|Tunnel Through the Trees, pastel, 8x6|
In today's world, we live in a society in which we don't like being told we have a limit. We love phrases like "unlimited minutes" and "unlimited miles." But of course, sometimes too much of a good thing can be bad. And even the newest pastel artists quickly find out that too much pastel pigment on a surface is usually a VERY bad thing.
I like to revisit this exercise with my students every so often. It's a great one to do with both beginner and experienced students. Not only do I always get positive feedback from students about how helpful it is to them, but I find it to be a great exercise for me personally. For me, doing these exercises reinforces the importance of economizing every mark that I make on a painting. Each extraneous, unnecessary stroke on a painting weakens the impact of the work.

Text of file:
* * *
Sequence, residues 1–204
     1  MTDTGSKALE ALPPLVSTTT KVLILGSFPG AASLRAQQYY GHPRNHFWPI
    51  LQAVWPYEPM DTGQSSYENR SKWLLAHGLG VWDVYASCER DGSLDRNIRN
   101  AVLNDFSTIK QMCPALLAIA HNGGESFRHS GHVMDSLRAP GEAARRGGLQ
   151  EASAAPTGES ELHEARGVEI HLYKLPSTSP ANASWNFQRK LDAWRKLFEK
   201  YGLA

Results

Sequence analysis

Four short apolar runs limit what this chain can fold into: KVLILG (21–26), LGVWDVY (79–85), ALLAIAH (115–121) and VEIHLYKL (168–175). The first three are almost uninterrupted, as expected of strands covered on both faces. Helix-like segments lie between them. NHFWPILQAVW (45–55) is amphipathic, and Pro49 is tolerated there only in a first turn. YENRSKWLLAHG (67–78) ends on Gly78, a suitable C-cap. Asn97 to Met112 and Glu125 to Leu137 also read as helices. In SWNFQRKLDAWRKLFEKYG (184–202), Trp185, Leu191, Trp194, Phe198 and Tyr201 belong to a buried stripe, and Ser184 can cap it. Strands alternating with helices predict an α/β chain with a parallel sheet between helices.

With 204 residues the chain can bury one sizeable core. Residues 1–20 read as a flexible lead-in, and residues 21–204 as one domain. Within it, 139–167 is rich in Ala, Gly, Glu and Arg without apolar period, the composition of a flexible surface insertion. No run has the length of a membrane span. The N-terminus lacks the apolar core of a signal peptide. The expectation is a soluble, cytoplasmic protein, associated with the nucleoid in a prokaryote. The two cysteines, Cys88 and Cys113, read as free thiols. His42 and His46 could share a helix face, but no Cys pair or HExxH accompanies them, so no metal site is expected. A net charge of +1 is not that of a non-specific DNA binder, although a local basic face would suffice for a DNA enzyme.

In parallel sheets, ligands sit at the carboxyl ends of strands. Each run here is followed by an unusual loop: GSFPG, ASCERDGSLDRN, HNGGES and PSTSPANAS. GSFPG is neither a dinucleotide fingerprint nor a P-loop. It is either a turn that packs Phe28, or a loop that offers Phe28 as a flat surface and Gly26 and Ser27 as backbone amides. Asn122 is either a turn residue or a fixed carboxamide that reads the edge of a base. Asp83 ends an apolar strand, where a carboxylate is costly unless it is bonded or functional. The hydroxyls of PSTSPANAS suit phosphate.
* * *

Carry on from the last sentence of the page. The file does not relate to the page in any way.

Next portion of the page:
The above painting is a completed piece that was begun as a 100-stroke demo. Below is how it appeared after 100 strokes (okay, it may have been around 105)...
The completed version was with a total of about 5 more minutes on top of the 100-stroke exercise.
It was suggested to me to occasionally feature some of my student's work on my blog. Below is today's effort on this exercise done by Judy Tiller, who's been studying with me for a couple of years now. I thought Judy did an excellent job choosing a good combination of colors and accurate values, and capturing the basic elements of the landscape scene with good economy of strokes!
|Judy Tiller's minimal stroke painting|
Below is the reference photo that my students and I worked from today...
If you'd like more information on this exercise, you can click the following links to previous blog posts on this topic:
Minimal Stroke January 2013
Minimal Stroke April 2012
Minimal Stroke January 2012